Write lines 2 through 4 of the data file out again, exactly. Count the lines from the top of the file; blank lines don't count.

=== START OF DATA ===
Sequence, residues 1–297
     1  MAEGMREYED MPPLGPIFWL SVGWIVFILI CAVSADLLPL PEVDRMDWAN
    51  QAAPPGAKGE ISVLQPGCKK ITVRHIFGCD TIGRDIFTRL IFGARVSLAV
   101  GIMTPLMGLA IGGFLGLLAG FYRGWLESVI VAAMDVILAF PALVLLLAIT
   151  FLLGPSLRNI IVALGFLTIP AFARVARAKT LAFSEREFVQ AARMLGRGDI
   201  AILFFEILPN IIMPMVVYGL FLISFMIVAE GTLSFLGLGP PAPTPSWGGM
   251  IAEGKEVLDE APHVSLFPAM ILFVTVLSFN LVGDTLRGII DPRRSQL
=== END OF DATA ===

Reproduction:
     1  MAEGMREYED MPPLGPIFWL SVGWIVFILI CAVSADLLPL PEVDRMDWAN
    51  QAAPPGAKGE ISVLQPGCKK ITVRHIFGCD TIGRDIFTRL IFGARVSLAV
   101  GIMTPLMGLA IGGFLGLLAG FYRGWLESVI VAAMDVILAF PALVLLLAIT